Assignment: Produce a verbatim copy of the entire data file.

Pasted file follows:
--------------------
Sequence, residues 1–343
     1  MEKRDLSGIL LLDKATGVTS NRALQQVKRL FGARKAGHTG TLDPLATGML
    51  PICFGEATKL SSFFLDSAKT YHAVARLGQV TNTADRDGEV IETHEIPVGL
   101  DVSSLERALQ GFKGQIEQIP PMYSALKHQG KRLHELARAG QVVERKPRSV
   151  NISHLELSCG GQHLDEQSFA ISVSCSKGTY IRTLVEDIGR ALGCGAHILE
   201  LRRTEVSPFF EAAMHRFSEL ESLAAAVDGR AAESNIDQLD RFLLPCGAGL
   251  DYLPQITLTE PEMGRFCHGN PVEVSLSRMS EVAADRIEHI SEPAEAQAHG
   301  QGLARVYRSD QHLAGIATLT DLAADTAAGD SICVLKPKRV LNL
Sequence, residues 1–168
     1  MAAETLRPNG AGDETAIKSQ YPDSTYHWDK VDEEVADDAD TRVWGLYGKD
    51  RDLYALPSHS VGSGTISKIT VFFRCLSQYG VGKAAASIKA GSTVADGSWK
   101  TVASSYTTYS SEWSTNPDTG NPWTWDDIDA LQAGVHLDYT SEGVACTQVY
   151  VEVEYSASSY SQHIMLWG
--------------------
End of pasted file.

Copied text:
Sequence, residues 1–343
     1  MEKRDLSGIL LLDKATGVTS NRALQQVKRL FGARKAGHTG TLDPLATGML
    51  PICFGEATKL SSFFLDSAKT YHAVARLGQV TNTADRDGEV IETHEIPVGL
   101  DVSSLERALQ GFKGQIEQIP PMYSALKHQG KRLHELARAG QVVERKPRSV
   151  NISHLELSCG GQHLDEQSFA ISVSCSKGTY IRTLVEDIGR ALGCGAHILE
   201  LRRTEVSPFF EAAMHRFSEL ESLAAAVDGR AAESNIDQLD RFLLPCGAGL
   251  DYLPQITLTE PEMGRFCHGN PVEVSLSRMS EVAADRIEHI SEPAEAQAHG
   301  QGLARVYRSD QHLAGIATLT DLAADTAAGD SICVLKPKRV LNL
Sequence, residues 1–168
     1  MAAETLRPNG AGDETAIKSQ YPDSTYHWDK VDEEVADDAD TRVWGLYGKD
    51  RDLYALPSHS VGSGTISKIT VFFRCLSQYG VGKAAASIKA GSTVADGSWK
   101  TVASSYTTYS SEWSTNPDTG NPWTWDDIDA LQAGVHLDYT SEGVACTQVY
   151  VEVEYSASSY SQHIMLWG